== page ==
Saturday, December 3, 2011

Who Says You Can't Teach An Old Dog?

I don't know how I survived all these years without knowing some fundamental information about the art of being a hausfrau. Strangely, I have learned many household hints in recent years, since my retirement. When I was a teen, I didn't have the opportunity to study home economics in secondary school. In fact, before I began high school, my family moved from the city to the first suburb in Ontario. There, the much coveted free choice course option was "agriculture".

***Note to self - Write a blog about city kid deposited into high school agriculture class for four years.

After you've read this, some of you might say, "everyone knows those things". Don't judge me as inept. I was a career woman and busy mom. I dealt with household problems in other ways. Usually, my way was fast, ineffective, messy or costly. So now, sit back and learn...or just laugh at me for my lack of knowledge.

Visiting my relatives recently taught me two things. Firstly, I learned how to fold socks properly...yes, there is a correct way. Secondly, I finally discovered how to stir anything that might threaten to stick to the bottom of a pot. Allow me to share.

As I was attempting to cram twelve balls of socks into my suitcase, my cousin's wife said, "Let me show you a good way to fold socks. It will take less room." I believe I've seen her method someplace before, but since I'm spacially and geometrically challenged, I have never been able to figure it out.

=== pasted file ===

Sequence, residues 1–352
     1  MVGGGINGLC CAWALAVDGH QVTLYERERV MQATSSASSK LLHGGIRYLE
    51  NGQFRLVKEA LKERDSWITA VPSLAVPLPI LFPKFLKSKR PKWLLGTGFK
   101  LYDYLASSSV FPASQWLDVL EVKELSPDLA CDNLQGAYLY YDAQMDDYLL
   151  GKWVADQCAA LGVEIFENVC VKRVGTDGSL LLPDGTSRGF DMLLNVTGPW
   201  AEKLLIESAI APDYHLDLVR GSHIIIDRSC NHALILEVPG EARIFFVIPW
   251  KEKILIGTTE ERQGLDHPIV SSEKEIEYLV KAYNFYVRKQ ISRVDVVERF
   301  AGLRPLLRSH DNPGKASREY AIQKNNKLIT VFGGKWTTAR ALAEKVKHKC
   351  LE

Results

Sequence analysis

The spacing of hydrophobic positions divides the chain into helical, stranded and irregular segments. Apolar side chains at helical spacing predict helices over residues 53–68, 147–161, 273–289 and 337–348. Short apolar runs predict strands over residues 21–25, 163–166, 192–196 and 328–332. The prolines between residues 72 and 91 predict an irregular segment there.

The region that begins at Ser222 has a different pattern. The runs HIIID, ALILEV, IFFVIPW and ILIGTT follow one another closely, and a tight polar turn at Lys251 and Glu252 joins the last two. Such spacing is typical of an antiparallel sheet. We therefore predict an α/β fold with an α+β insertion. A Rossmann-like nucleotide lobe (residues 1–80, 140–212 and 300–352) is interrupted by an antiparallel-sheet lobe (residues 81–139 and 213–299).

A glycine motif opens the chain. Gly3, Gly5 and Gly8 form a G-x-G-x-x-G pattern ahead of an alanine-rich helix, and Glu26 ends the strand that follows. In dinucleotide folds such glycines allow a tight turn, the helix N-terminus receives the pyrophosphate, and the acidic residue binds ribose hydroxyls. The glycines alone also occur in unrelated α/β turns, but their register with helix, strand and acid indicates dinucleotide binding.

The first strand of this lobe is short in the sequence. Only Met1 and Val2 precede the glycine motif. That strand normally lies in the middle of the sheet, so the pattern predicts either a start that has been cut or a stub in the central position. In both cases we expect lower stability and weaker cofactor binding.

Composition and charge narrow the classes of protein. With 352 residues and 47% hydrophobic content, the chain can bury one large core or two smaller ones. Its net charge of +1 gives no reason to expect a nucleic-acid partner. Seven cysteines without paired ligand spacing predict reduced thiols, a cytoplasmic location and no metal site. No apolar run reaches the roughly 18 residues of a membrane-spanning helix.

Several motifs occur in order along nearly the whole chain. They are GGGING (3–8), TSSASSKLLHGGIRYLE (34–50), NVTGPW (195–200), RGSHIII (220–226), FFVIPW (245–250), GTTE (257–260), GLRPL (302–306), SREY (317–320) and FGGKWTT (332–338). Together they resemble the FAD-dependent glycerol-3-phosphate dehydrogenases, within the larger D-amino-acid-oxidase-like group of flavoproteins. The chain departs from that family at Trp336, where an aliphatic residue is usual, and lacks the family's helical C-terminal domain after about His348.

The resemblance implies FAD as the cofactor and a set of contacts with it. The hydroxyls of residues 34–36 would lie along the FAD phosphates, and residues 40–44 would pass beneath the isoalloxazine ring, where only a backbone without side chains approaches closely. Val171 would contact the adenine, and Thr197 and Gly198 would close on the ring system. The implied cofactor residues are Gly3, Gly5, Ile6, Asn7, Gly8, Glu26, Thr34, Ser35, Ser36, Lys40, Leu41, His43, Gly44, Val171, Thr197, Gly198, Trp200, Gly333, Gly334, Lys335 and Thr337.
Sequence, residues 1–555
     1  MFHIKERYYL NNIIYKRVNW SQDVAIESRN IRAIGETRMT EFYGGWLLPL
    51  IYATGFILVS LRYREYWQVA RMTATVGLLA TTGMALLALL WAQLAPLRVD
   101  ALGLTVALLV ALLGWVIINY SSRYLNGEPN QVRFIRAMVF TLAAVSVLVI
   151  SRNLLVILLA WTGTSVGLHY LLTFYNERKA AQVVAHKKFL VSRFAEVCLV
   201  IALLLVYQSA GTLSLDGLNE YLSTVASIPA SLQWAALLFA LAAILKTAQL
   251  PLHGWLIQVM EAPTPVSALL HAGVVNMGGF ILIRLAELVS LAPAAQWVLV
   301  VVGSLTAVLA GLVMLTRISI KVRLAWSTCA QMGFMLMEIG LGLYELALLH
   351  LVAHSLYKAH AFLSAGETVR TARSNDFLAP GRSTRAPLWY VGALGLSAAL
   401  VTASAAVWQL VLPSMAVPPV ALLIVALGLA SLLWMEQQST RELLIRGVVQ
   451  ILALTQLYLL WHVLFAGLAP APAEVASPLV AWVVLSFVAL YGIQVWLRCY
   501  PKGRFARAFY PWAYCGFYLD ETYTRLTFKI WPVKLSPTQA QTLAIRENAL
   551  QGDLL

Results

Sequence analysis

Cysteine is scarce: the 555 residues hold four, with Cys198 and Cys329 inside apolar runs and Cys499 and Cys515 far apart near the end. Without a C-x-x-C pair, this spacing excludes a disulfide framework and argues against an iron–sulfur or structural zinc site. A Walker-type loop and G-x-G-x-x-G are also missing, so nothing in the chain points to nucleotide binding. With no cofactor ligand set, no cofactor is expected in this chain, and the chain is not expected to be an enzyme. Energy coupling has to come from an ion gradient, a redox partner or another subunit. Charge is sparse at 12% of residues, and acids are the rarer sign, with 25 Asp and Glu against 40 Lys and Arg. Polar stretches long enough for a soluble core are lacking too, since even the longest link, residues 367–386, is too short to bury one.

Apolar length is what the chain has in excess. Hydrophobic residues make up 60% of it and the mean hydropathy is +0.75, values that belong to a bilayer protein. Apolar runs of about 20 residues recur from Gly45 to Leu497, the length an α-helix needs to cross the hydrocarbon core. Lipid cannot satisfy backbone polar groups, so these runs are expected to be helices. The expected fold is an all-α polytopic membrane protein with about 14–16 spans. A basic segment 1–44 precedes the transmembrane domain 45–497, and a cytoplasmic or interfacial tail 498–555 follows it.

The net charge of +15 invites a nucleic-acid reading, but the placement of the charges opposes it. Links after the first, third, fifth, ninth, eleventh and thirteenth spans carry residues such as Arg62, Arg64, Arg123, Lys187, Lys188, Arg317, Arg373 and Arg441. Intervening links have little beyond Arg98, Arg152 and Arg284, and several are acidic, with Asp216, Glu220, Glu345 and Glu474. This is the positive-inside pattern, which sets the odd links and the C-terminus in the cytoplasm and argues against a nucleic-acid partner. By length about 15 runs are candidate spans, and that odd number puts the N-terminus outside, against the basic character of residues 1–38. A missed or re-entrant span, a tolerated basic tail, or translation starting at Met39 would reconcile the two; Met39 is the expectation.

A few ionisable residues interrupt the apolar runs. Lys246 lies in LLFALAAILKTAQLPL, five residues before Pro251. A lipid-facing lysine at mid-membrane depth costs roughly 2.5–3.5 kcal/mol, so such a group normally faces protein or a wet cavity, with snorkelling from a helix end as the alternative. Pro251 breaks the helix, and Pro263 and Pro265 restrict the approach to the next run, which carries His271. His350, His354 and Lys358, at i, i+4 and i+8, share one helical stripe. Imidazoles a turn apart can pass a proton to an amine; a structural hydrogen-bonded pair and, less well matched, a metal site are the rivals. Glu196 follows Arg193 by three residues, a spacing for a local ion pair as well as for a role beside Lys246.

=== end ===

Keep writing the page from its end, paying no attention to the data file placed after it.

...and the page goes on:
Step One - Lay the two socks from a pair atop one another. This assumes that you've found a matched set after doing the laundry. Fold the toes of the socks up once past the heel, toward the top, but not the whole way.


As you can see, this method can be used with any colour of socks. Thickness does not make that much difference either. Just remember, unlike the gray pair above, both socks must have heels and tops directly matching. Once you have accomplished this challenging task, move on.

Step Two - Take the rim of the outer sock and fold it down until you get past the toes. It should look like this, perfectly flat and take up hardly any space when you are done. Simple. This allows the socks to be placed in neat, colour coded piles in drawers and luggage.


I can't believe that all these years, I've folded the tops all the way over to the end and created huge space wasting sock balls. On the other hand, my method is fast and works wonderfully well when you need weapons for impending sock fights.

The other thing I learned is actually quite simple. As my tante was stirring wine sauce which was heating on the stove, she said "Do you know about using metal spoons?" The puzzled look on my face must have given away my lack of culinary expertise and utensil knowledge because she immediately elaborated.

"If you use a metal spoon instead of a wooden or other type when stirring things like puddings, you are better able to feel the bottom of the pot so that you can tell when it's thickening or starting to stick." Brilliant. And here I've been burning white sauces among other things for forty years. I guess it helps too if you keep stirring and don't wander off someplace, forgetting that you have something sensitive on the stove.

As an extra tip, I have included this youtube video of a method for folding sheets. It is very useful and clever. No more lumps and bumps? No more tossing a wad of sheets into the closet? No more giant mounds of fabric? Has anyone besides this person been able to master the technique? I haven't. Oh wait. Perhaps that's just because it's not a "woman's job".

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